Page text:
Profitability of realty majors declined by 56 per cent in the first half of 2009-10, which contradicts concerns over formation of a housing bubble in the country, industry body Assocham said today.
“Financial performance of realty majors during the first half of current fiscal shows grim picture of the sector with a decline of 56 per cent in net profit, dampened by 51 per cent rise in financial charges and interest cost,” Assocham said.
The total income of realty majors declined by average 40 per cent in line with the fall in net profit whereas the total expenses of sector registered an average decline of 35 per cent despite an increase of 51 per cent in interest cost.
To prevent any formation of asset bubble, RBI in the quarterly monetary review last month asked banks to keep more money aside while giving loans to commercial real estate.
RBI said real estate prices, after showing some corrections in the later part of 2008 and early part of 2009, have risen significantly in major cities.
The chamber said the bank credit to the sector for one-year period till August-end this year was Rs 28,353 crore, up 41.5 per cent in comparison to same period last year.
Mismatch in demand and supply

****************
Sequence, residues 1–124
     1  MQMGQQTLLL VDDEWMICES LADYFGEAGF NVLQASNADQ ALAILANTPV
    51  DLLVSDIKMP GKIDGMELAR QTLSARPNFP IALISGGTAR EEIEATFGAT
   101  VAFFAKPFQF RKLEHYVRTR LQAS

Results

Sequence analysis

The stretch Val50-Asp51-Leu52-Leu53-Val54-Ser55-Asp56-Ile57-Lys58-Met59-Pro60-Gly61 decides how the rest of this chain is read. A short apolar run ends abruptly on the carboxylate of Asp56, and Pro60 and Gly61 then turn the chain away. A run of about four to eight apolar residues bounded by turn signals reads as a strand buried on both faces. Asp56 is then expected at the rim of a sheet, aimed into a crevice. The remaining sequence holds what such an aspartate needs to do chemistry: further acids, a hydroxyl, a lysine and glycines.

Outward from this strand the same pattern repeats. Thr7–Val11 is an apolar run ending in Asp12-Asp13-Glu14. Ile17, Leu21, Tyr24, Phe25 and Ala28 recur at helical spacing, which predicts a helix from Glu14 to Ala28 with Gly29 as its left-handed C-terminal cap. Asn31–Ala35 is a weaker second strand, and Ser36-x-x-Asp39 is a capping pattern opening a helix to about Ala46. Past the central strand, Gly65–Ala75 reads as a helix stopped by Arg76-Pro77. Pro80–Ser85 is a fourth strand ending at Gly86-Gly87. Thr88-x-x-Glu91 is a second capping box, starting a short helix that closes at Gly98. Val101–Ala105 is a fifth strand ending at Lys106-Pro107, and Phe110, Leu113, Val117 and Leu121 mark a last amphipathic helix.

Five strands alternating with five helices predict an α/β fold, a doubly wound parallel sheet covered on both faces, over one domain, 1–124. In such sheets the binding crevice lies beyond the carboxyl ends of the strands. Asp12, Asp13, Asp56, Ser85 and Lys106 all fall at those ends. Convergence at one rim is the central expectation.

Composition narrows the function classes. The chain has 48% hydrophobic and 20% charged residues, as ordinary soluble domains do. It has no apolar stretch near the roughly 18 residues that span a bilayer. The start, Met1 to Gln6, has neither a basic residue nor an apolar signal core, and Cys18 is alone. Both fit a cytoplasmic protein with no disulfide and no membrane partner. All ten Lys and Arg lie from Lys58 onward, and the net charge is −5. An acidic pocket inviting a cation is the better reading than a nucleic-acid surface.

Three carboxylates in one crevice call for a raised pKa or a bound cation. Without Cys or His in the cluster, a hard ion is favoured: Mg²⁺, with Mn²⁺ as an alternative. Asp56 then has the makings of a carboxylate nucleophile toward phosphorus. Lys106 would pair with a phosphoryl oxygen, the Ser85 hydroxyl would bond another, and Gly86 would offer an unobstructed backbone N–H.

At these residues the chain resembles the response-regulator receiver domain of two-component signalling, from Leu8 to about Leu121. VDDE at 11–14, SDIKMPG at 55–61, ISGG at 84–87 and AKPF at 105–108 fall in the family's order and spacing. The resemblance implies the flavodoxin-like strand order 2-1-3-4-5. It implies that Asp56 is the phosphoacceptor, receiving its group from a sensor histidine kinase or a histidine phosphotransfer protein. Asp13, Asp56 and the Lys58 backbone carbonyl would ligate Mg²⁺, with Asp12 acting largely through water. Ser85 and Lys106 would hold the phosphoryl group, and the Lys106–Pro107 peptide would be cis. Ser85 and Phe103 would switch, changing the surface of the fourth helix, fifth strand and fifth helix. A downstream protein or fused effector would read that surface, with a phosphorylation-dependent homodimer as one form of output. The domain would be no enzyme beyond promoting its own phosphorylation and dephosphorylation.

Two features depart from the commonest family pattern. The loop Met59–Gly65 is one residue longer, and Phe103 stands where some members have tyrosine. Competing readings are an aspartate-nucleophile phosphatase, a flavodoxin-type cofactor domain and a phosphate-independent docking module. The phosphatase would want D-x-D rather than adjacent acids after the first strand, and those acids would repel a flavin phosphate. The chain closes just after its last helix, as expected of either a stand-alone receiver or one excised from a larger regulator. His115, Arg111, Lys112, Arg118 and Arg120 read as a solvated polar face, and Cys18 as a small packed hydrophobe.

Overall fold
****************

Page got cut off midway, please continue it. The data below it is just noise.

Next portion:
In stark contrast, home loans amounted to Rs 14,668 crore, up by only 5.4 per cent, which contradicts a housing bubble scenario in India. “The demand-supply mismatch is unlikely to trigger a boom-bust situation due to tight regulation by RBI,” it said.
“The increased provisioning for real estate sector loans by banks from the earlier 0.4 per cent to 1 per cent is likely to shrink the liquidity of the sector by bringing additional burden to banks in lending to developers,” Assocham said.
Going forward the tightening of interest rate on home loans would also reduce the demand significantly, it added.
Even though the present situation of the sector is significantly better than later half of previous fiscal, financial condition of developers has not improved to a level that they can hold project for long time, Assocham said.
“They need cash flow to service debt, which they have taken to buy land and for its development,” it said.
The study that analysed 10 realty firms, including DLF, said the demand for commercial property is likely to remain in doldrums for remaining period of 2009-10 unless business confidence improves heavily.